Interpersonal Communication In Hotel

768 Words4 Pages
In a hotel, the main task of every employee is to communicate with people and co-workers almost all day long. So, one of the more important forms of organizational communication is inter-departmental communication. When there is good flow of communication between departments and co-workers, customer can feel it as well, it directly affects the level of provided service. Employees who are having hard time communicating with other employees, will not be able to build good communication with customer either. (Dogan Gursoy, 2011). Interpersonal conflicts will immediately affect the coordination among staff and this can lead to negative affection of the delivery of service to the customers. The hotel employees who cant get along with co-workers…show more content…
In these industries the relationship between employee and manager has a big importance. Managers should treat their employees fairly and with respect. They also should provide a clear guidance about their work, if they want to see a high level of performance and satisfied staff. Supervisor should be always open for communication with employees, should be ready to provide with good advice, and care more about stressful situations. It will positively affect employees well-being if supervisors show their support. “Too much communication contact has the potential of disturbing and distracting the employee, yet too little could leave the employee without the necessary guidance and attachment to the…show more content…
Efficient systems are thought to lead to satisfied employees who are productive and committed to the organization. This is particularly important in the lodging sector of a tourism destination such as Turkey where employees are in contact with tourism and provide service on a day to day basis. Many hospitality businesses pay poorly, for example according to research in New Zealand. British male hospitality workers earn less than half the national industry average for men (Hoel & Einarsen, 2003), and the New Zealand Tourism Industry Association admits that pay is ‘uncompetitive’ (2006). Working conditions are difficult (O’Leary & Deegan, 2005), largely because of the hours needed to cope with the 24-hour nature of the industry, and supervisors and managers are often inadequately skilled. Persistent staff shortages, time constraints, work overload, long hours, shift work, and difficult customers all contribute to stressful working environments that can stimulate staff turnover. Conversely, fair pay and fair leadership discourage turnover, as do pleasant working conditions and stable hours (Day & Buultjens, 2007). The poor pay and working conditions experienced in many hospitality workplaces suggests employees are unlikely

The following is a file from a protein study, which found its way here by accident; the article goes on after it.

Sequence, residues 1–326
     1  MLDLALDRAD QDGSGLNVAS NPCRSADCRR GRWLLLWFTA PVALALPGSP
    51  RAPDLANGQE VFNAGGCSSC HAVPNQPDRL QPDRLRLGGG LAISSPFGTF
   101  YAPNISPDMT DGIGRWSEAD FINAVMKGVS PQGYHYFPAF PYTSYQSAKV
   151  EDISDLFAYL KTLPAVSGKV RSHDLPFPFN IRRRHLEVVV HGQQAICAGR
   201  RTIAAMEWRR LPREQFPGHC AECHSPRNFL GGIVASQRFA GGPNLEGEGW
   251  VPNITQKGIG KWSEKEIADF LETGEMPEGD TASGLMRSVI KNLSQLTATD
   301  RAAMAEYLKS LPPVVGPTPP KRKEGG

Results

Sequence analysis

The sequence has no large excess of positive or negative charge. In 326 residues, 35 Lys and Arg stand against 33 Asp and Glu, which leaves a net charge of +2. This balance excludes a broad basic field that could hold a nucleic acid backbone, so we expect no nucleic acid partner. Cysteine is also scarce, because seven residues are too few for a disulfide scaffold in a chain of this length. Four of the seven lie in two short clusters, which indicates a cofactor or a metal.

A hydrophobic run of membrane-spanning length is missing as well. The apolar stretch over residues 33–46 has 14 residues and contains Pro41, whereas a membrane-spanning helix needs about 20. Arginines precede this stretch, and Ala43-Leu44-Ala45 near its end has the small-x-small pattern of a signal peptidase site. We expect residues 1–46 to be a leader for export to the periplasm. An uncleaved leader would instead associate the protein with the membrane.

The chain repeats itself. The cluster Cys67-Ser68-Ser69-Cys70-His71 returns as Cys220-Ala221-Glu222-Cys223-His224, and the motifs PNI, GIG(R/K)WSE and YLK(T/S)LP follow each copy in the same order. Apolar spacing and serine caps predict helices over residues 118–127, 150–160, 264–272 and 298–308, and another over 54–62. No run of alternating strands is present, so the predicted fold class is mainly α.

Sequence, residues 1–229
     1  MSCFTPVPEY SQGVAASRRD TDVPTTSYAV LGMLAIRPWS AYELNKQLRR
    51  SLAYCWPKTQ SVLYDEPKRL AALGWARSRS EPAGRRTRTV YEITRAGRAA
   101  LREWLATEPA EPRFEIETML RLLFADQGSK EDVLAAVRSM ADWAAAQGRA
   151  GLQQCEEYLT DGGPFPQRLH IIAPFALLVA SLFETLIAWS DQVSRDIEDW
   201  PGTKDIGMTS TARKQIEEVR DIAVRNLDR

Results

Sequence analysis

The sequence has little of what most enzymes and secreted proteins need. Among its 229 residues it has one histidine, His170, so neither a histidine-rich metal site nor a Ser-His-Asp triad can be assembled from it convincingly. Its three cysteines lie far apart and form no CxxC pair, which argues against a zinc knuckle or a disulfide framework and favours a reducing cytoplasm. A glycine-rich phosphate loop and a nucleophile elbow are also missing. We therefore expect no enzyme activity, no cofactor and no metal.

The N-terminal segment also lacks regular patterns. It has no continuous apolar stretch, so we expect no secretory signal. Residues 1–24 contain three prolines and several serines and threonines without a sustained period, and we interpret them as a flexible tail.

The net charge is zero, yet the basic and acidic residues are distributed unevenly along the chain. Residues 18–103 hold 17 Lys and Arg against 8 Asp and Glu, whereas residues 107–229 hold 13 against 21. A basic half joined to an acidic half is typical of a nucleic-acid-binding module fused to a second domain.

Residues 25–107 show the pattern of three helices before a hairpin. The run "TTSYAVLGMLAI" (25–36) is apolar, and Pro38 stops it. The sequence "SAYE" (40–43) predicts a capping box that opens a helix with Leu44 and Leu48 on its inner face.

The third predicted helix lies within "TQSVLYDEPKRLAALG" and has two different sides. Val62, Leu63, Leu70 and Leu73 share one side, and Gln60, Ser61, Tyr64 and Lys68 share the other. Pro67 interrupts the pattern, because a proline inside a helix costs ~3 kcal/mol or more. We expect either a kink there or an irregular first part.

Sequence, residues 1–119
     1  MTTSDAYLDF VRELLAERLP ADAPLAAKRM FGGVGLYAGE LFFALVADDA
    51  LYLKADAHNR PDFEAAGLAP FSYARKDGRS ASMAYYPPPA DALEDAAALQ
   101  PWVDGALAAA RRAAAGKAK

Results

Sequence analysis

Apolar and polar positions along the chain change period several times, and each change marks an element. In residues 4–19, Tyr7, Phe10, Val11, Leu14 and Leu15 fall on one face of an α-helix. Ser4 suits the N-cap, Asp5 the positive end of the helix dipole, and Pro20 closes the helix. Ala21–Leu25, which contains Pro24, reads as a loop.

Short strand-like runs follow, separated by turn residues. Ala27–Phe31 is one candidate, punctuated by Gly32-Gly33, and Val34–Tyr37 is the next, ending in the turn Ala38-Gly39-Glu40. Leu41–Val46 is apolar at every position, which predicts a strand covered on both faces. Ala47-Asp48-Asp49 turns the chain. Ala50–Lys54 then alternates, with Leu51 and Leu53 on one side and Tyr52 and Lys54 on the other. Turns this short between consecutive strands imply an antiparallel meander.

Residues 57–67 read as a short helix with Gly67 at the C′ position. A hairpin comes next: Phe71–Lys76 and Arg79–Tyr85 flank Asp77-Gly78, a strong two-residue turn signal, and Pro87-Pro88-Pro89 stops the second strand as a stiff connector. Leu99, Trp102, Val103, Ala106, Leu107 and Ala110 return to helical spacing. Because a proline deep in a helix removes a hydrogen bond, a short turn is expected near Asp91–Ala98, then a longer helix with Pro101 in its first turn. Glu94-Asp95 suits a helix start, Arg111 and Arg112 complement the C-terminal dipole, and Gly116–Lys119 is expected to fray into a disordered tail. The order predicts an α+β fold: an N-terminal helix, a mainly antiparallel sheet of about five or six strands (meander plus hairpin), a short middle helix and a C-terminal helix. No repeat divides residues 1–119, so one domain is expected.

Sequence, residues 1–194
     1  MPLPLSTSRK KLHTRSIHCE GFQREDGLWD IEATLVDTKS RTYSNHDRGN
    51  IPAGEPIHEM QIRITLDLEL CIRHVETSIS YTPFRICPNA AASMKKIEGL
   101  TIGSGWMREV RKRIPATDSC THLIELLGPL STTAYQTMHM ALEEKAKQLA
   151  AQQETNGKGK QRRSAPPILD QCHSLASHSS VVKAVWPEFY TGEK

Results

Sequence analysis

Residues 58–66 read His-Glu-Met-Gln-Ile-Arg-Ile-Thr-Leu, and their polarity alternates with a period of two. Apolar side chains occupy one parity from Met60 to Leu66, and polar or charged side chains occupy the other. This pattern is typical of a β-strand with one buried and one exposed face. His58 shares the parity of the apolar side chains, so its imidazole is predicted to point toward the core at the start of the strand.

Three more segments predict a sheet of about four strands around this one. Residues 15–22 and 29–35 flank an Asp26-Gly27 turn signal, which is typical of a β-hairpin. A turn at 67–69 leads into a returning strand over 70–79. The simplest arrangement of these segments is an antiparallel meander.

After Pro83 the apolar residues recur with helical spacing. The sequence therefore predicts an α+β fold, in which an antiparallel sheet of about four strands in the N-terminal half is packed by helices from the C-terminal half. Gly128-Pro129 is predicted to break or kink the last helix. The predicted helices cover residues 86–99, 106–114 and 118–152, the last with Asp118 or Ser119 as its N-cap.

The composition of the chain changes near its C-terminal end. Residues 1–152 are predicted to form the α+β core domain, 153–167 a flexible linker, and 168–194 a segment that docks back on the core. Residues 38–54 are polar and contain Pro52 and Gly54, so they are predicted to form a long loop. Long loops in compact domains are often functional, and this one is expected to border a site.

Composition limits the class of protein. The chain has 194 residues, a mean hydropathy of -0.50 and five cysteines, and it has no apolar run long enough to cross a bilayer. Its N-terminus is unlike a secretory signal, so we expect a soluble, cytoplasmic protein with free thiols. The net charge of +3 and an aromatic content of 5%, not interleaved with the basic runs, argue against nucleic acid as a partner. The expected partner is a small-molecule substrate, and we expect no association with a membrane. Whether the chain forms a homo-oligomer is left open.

More about Interpersonal Communication In Hotel

Open Document